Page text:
The impact of primary healthcare reform on equity of utilization of services in the province of Quebec: a 2003-2010 follow-up.

Ouimet MJ, Pineault R, Prud'homme A, Provost S, Fournier M, Levesque JF - Int J Equity Health (2015)

Probability of affiliation to a family doctor according to socio-economic status (new models of PHC)
© Copyright Policy - OpenAccess
Related In: Results  -  Collection

License 1 - License 2
Show All Figures
getmorefigures.php?uid=PMC4663731&req=5

Fig4: Probability of affiliation to a family doctor according to socio-economic status (new models of PHC)
Mentions: Analyses which included type of PHC source were restricted to respondents who had declared at least one visit to a PHC source, since respondents who had not visited PHC could not be linked with a given source. Results for likelihood of hospitalization, ER use and frequency of use of PHC were comparable to results of analyses performed previously. However, there appears to be a differential relationship between year and SES when we examine adjusted probability of affiliation to a family doctor for old vs new types of PHC. This relationship is schematized in Fig. 3 (old models of PHC) and Fig. 4 (new models PHC). Affiliation to a family doctor appears to have improved between the 2005 and 2010 samples for the very low SES group more than for other groups within the old models; conversely, affiliation has deteriorated for the very low SES group in the new models whereas it has improved slightly for the other SES groups.Fig. 3

Bottom Line: Compared with the lowest SES, highest SES is associated with less emergency room visits (OR 0.80) and higher likelihood of at least one visit to a PHC facility (OR 2.17), but lower likelihood of frequent visits to PHC (OR 0.69), and higher affiliation to a family doctor (OR 2.04).New models of PHC organizations do not appear to have improved equity.We believe that an equity-focused approach is needed in order to address persisting inequities.

View Article: PubMed Central - PubMed

Affiliation: Direction de la santé publique du CIUSSS du Centre-Sud-de-l'Île-de-Montréal, 1301 Sherbrooke est, Montréal, Québec, H2L 1M3, Canada. mouimet@santepub-mtl.qc.ca.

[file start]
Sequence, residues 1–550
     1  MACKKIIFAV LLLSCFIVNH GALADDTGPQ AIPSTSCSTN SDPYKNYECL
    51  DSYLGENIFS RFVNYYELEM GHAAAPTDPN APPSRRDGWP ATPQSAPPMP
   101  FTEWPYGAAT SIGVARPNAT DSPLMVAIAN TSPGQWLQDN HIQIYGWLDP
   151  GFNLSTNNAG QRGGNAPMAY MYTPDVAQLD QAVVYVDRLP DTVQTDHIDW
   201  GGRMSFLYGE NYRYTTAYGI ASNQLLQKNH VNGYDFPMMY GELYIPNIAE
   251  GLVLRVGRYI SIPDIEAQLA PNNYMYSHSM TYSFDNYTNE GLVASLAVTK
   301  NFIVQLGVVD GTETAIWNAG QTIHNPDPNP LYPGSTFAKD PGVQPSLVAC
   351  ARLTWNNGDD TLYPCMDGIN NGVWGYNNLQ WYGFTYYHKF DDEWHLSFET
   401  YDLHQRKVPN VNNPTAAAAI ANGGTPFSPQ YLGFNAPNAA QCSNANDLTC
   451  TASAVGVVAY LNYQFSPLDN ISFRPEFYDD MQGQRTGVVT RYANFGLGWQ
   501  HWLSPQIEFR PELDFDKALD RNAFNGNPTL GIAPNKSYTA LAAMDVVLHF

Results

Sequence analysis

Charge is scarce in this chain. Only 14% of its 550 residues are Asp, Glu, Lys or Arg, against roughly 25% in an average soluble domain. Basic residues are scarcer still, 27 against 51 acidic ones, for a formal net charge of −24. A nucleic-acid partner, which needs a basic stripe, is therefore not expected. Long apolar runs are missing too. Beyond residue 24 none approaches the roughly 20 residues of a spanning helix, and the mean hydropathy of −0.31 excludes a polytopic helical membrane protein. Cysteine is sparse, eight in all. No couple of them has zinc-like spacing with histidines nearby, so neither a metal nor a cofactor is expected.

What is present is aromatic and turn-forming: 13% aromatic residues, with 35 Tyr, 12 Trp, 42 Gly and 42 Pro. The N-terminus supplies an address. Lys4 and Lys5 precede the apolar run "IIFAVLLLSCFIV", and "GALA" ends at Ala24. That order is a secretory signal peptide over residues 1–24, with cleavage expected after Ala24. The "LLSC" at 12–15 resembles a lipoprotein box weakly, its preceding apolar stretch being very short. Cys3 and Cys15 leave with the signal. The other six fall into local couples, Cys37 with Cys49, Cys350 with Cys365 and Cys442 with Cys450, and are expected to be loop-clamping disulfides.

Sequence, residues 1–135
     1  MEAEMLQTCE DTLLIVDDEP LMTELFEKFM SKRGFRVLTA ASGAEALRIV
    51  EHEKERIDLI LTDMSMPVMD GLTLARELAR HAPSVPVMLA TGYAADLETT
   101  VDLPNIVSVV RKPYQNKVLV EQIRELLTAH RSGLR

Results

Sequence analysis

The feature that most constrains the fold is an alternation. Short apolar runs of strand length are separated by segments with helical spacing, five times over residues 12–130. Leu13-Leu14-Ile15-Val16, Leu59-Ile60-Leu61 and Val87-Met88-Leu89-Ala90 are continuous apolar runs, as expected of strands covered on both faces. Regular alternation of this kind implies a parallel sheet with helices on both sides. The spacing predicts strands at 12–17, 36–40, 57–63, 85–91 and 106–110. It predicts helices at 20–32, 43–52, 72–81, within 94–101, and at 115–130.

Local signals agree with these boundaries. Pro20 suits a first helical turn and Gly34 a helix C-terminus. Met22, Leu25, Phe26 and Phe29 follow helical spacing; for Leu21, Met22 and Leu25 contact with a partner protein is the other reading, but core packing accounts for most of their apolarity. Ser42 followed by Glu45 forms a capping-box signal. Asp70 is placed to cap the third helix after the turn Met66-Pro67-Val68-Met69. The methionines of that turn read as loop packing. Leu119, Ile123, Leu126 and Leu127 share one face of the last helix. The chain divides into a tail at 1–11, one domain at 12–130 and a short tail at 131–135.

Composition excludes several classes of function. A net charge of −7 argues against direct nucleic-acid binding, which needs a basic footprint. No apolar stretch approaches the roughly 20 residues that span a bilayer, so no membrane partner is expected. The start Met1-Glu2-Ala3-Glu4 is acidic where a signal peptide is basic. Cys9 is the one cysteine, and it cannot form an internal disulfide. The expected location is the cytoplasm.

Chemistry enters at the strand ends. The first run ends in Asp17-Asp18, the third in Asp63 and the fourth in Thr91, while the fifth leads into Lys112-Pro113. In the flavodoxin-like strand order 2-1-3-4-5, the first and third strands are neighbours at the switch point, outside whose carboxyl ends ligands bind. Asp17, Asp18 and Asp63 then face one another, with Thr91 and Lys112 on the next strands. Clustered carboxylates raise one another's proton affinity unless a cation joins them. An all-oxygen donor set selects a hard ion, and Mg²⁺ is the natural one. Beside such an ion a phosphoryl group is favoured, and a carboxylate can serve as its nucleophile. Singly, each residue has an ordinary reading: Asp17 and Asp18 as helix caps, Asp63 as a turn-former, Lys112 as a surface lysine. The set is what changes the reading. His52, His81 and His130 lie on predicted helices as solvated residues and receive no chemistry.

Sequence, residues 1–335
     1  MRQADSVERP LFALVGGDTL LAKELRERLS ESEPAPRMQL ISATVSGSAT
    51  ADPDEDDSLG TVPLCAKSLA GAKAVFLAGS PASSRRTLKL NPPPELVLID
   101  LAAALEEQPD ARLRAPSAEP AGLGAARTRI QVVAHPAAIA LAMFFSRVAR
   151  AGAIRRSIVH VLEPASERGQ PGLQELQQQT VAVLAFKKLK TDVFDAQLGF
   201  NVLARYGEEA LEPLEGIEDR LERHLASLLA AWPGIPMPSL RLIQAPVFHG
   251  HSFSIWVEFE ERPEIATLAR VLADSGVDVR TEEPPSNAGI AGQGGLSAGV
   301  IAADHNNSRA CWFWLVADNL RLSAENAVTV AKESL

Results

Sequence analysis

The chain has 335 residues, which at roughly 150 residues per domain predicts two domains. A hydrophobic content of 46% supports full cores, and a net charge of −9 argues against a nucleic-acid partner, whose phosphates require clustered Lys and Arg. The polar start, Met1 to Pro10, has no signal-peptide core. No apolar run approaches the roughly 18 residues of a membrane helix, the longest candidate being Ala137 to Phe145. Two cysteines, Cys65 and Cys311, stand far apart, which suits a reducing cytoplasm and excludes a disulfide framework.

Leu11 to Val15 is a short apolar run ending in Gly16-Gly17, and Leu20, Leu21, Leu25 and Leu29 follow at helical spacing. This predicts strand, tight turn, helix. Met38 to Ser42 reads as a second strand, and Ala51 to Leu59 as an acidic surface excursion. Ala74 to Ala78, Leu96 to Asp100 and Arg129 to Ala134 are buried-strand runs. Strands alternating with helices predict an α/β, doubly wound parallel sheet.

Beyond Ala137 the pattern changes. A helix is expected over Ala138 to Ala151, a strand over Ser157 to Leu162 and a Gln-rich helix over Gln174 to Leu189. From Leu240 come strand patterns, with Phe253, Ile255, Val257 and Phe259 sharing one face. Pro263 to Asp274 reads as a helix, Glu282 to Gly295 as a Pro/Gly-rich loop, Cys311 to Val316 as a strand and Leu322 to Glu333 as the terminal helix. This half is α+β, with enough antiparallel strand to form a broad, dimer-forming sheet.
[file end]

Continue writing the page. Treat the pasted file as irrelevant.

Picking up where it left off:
ABSTRACT

Introduction: In 2003, the Quebec government made important changes in its primary healthcare (PHC) system. This reform included the creation of new models of PHC, Family Medicine Groups (e.g. multidisciplinary health teams with extended opening hours and enrolment of patients) and Network Clinics (clinics providing access to investigation and specialist services). Considering that equity is one of the guiding principles of the Quebec health system, our objectives are to assess the impact of the PHC reform on equity by examining the association between socio-economic status (SES) and utilization of healthcare services between 2003 and 2010; and to determine how the organizational model of PHC facilities impacts utilization of services according to SES.

Methods: We held population surveys in 2005 (n = 9206) and 2010 (n = 9180) in the two most populated regions of Quebec province, relating to utilization and experience of care during the preceding two years, as well as organizational surveys of all PHC facilities. We performed multiple logistical regression analyses comparing levels of SES for different utilization variables, controlling for morbidity and perceived health; we repeated the analyses, this time including type of PHC facility (older vs newer models).

Results: Compared with the lowest SES, highest SES is associated with less emergency room visits (OR 0.80) and higher likelihood of at least one visit to a PHC facility (OR 2.17), but lower likelihood of frequent visits to PHC (OR 0.69), and higher affiliation to a family doctor (OR 2.04). Differences remained stable between the 2005 and 2010 samples except for likelihood of visit to PHC source which deteriorated for the lowest SES. Greater improvement in affiliation to family doctor was seen for the lowest SES in older models of PHC organizations, but a deterioration was seen for that same group in newer models.

Conclusions: Differences favoring the rich in affiliation to family doctor and likelihood of visit to PHC facility likely represent inequities in access to PHC which remained stable or deteriorated after the reform. New models of PHC organizations do not appear to have improved equity. We believe that an equity-focused approach is needed in order to address persisting inequities.

Show MeSH
Related in: MedlinePlus